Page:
- Scientific Name(s)
- Spodoptera exigua, Spodoptera frugiperda, Spodoptera ornithogalli
- Leaf Condition
- Irregularly Shaped Holes, Chewing Damage
- Field Distribution
- Uniform, Edges, Localized Area
Armyworms (Multiple Species)
Spodoptera exigua Hübner, Spodoptera frugiperda J. E. Smith, and Spodoptera ornithogalli Guenée.
Biology and Identification
Beet armyworm (Spodoptera exigua Hübner) caterpillar larvae are olive-green to near black and smooth, with a stripe down each side. A black spot appears on each side, just above the second pair of legs behind the head; there are three pairs of legs near the head, and four pairs of legs near the back plus a pair of legs directly at the back (4 + 1). Larvae fall and curl up into a “C” when disturbed. Small larvae web the underside of the leaf.
Fall armyworm (Spodoptera frugiperda J. E. Smith) caterpillar larvae are olive-green to dark brown and smooth, with a dark band above a stripe running down each side. The head is dark brown with a distinct cream-colored upside-down “Y” separating the eyes on either side of the head. Although corn earworm larvae also have an upside-down “Y” on the head, four black spots arranged in a square pattern appear on the top of the body near the rear of fall armyworm larvae. These are not present in corn earworm larvae. Fall armyworm larvae have three pairs of legs near the head and four pairs of legs near the back plus a pair of legs directly at the back (4 + 1).
Yellowstriped armyworm (Spodoptera ornithogalli Guenée) caterpillar larvae are pale gray to velvety black, with a yellow or yellowish-orange stripe running down each side. Above the stripe, a black triangular spot is found on nearly every segment of the body. Like the fall armyworm, a distinct cream-colored upside-down “Y” separates the eyes on either side of the head. Small black spots appear on each side of the first abdominal segment, further toward the rear compared with the side spots on the beet armyworm. There are four pairs of legs near the head plus a pair of legs near the back (4 + 1).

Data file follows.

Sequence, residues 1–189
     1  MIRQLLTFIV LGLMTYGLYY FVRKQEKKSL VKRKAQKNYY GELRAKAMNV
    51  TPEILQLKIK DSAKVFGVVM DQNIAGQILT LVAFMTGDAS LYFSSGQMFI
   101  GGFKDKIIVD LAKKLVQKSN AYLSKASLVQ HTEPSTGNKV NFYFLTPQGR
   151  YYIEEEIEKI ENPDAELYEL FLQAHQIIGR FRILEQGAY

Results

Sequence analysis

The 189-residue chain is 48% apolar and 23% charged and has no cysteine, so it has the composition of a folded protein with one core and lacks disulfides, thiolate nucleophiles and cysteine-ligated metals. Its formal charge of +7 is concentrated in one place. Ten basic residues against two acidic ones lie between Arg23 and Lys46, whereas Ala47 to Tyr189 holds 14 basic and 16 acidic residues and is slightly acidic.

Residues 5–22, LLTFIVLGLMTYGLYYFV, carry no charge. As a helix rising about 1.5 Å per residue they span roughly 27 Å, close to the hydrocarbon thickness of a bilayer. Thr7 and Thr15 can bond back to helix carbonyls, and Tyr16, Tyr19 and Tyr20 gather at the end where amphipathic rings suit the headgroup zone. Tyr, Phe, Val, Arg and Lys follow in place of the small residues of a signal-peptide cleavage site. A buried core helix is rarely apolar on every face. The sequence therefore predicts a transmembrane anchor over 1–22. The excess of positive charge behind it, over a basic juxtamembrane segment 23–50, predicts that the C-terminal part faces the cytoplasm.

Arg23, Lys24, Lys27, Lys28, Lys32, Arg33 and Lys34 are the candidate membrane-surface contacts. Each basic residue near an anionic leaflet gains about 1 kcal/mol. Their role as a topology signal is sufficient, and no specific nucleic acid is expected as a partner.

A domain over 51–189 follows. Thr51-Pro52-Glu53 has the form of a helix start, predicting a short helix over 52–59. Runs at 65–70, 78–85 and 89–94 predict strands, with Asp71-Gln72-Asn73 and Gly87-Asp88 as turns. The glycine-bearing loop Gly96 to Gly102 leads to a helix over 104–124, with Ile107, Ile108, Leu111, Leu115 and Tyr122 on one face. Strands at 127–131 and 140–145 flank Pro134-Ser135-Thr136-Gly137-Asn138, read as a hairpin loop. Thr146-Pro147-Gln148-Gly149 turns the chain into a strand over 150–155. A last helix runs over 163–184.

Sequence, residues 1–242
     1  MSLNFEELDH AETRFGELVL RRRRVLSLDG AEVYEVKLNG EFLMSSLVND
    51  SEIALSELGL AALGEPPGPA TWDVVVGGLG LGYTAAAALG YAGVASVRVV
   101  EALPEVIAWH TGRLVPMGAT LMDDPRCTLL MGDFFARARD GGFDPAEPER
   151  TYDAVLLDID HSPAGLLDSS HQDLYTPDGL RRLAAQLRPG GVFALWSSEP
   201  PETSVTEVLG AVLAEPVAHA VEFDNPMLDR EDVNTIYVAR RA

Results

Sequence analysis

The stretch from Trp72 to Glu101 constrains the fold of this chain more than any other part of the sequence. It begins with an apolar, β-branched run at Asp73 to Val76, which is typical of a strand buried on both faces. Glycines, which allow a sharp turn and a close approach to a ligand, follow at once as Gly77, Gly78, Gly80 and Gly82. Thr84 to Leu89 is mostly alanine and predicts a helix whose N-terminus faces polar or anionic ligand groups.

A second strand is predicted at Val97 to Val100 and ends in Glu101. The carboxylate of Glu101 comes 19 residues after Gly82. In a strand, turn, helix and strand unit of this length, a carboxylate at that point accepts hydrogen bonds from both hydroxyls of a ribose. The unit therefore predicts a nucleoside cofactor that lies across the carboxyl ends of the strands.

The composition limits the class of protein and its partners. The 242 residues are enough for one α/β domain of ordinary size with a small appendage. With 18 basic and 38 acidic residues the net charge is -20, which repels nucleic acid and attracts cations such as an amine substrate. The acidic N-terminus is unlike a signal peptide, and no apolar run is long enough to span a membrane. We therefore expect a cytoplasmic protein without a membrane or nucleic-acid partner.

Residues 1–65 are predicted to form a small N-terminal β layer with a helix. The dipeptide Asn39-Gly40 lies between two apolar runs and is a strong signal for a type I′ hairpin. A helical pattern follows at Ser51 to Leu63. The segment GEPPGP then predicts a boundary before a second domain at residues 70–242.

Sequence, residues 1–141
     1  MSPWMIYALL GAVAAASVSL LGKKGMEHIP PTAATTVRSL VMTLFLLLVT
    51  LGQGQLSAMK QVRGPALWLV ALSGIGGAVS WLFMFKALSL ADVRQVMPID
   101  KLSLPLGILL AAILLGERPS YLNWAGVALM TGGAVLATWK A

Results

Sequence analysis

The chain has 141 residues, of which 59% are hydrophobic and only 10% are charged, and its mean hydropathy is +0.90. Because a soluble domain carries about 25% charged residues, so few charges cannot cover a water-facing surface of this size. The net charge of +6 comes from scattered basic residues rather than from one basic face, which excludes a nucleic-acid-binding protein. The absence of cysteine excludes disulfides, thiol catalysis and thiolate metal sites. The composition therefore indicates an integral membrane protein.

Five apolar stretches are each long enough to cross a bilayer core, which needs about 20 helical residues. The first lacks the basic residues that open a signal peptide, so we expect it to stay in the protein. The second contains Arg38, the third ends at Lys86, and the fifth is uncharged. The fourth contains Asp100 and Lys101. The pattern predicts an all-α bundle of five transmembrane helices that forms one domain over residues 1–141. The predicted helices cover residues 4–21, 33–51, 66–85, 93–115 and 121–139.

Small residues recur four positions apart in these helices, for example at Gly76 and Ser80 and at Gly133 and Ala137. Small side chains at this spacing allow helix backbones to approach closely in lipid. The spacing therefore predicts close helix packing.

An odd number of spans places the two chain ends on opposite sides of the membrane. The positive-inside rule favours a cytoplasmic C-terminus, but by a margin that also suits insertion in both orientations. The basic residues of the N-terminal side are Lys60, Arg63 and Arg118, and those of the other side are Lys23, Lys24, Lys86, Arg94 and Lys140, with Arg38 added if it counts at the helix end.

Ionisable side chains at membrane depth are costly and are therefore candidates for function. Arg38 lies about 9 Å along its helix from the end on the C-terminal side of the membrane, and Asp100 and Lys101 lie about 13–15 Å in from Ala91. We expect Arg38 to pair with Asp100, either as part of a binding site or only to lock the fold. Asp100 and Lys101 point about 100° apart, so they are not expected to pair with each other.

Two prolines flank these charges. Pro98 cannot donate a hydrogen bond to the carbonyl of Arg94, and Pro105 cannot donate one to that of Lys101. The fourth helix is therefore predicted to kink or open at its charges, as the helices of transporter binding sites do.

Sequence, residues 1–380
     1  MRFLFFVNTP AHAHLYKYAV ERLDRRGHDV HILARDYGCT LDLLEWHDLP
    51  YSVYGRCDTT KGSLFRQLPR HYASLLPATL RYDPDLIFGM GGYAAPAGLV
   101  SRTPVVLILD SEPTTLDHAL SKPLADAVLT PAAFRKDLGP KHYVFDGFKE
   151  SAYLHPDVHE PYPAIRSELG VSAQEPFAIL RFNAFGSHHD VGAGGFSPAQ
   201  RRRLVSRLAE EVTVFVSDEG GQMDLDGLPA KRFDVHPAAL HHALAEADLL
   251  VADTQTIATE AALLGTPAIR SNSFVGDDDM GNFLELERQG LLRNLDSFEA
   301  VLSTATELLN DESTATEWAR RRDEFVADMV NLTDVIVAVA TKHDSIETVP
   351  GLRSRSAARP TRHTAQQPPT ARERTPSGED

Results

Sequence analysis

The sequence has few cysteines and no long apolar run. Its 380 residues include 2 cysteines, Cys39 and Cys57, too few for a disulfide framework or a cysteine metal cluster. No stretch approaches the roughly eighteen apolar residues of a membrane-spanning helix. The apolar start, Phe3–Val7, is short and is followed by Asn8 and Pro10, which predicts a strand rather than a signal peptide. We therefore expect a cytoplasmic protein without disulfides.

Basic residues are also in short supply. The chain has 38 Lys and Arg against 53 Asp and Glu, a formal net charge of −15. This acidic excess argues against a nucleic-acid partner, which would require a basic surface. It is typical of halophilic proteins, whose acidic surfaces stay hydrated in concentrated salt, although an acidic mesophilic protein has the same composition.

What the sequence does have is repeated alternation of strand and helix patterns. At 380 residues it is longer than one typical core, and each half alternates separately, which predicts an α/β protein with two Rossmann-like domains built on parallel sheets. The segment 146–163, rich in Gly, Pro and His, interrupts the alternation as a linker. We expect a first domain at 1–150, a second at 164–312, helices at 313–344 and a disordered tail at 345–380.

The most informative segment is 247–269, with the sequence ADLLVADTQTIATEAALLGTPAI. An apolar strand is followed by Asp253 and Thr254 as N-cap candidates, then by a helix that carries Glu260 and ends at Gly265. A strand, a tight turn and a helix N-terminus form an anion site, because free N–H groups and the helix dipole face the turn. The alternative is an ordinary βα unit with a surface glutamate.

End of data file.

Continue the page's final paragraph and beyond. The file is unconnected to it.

Both beet armyworm and fall armyworm are migratory insects and, as a result, are more prevalent later in the season. Yellowstriped armyworm overwinters in North Carolina and can be found throughout the season. Armyworms have multiple generations.
Injury and Damage
Although yellowstriped armyworm can be found throughout the season, it only sporadically injures soybeans and generally in young stands. In contrast, the beet armyworm and fall armyworm chiefly affect late-planted seedling soybeans, and can be serious pests. Small larvae skeletonize the lower leaves. Large larvae feed over the whole plant. Severely damaged plants are very ragged in appearance. Beet armyworms often feed on and defoliate pigweed plants in and around soybean fields. They can also produce webbing that may be present on the underside of leaves. Noticing such damage can alert the scout that beet armyworm caterpillars may be present and moving toward a soybean field.
The threshold for defoliating insects is 30% defoliation throughout the plant canopy two weeks prior to blooming (R1) and 15% defoliation throughout the plant canopy two weeks prior to flowering (stage varies) until the pods have filled (R7-R8). Vegetative soybeans are tolerant of feeding and, as seedlings become larger and faster growing, this foliage loss is seldom of concern. Recent studies have demonstrated that soybeans can tolerate nearly 100% foliage loss during the early vegetative stages before yield loss is achieved.
Recommended insecticides can be found in the North Carolina Agricultural Chemicals Manual. Note that both beet armyworm and fall armyworm have resistance to some insecticide classes and these are reflected in the insecticides listed in the manual for each insect.